CPU-Based Security: The NX Bit

Published on: May 24, 2004
Last Updated: May 24, 2004

CPU-Based Security: The NX Bit

Published on: May 24, 2004
Last Updated: May 24, 2004

Windows XP SP2 Stars AMD Antivirus Feature

It’s a nice irony that, after decades of trying to improve how quickly and efficiently CPUs can run code, the newest, most fashionable processor feature is the ability to not run code.

That’s an admittedly breezy description of “no execute” (NX) technology, a feature built into AMD’s Opteron and Athlon 64 processors and coming to Intel’s, Transmeta’s, and other desktop and notebook chips.

AMD refers to NX as Enhanced Virus Protection. Intel’s Itanium server CPUs already have it under a different pair of initials, XD for “execute disable.”

Microsoft calls it Data Execution Protection, and will flip the switch to make it a computer-buyer-checklist feature when it ships the security-focused Windows XP Service Pack 2 upgrade this July or August — although other platforms like Linux and Sun’s Sparc/Solaris have supported it for years.

Basically, NX uses processor hardware to discourage the kind of virus, worm, and Trojan Horse attacks seen in scourges such as Blaster, Sasser, and Code Red, which have cost companies billions of dollars in downtime and disinfectant chores.

Working with memory protection technology built into Windows XP SP2, it toughens the distinction between program and data areas in system memory — in other words, stops any attempt to insert and execute code from memory locations set aside for data.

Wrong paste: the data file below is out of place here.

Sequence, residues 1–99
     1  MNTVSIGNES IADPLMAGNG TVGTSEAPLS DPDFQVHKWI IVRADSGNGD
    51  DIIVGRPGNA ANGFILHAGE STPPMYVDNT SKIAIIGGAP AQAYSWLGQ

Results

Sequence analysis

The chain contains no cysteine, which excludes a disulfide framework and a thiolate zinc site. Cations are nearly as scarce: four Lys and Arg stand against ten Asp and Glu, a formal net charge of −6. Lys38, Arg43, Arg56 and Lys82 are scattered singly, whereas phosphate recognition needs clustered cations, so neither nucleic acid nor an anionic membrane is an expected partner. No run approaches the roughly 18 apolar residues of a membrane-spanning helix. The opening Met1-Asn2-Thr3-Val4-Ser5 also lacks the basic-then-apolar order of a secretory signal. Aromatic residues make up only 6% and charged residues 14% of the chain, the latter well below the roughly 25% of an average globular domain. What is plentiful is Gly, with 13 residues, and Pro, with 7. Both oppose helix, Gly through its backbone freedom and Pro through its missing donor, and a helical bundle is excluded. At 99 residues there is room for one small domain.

Don’t Stuff The Buffer

Some legitimate programs, such as Java compilers that perform just-in-time code generation, execute instructions within data areas — and will have to be rewritten for Service Pack 2.

But the most common exploiters of x86 architecture’s porous program and data boundaries are applications (called, as a matter of fact, exploits) that perform buffer overrun attacks — one-two punches that first flood a program’s input area with more data than it’s designed to handle, then deliver a poisonous executable payload.

When the data buffer overflows — one early attack on Microsoft and Netscape e-mail clients involved sending message attachments with 256- rather than 255-character or shorter filenames — adjacent memory space beyond the data buffer gets corrupted or overwritten.

If this space is part of the program stack, the exploit can change the program’s execution path, sending new instructions that can take control of the system, deleting files, downloading more malicious code, or whatever. Hello, Blaster.

When it comes down to what software is allowed to do with any given page or area of memory, most CPU hardware doesn’t distinguish between permission to read data and permission to execute instructions.

AMD64 processors, however, support an extra flag or attribute to mark individual memory areas as nonexecutable — the NX bit in the page table entry (PTE) — when running in 64-bit or in 32-bit Physical Address Extension (PAE) mode.

The latter enables processors to address more than 4GB of memory, the normal ceiling for a 32-bit CPU, and its extra level of paging makes NX possible.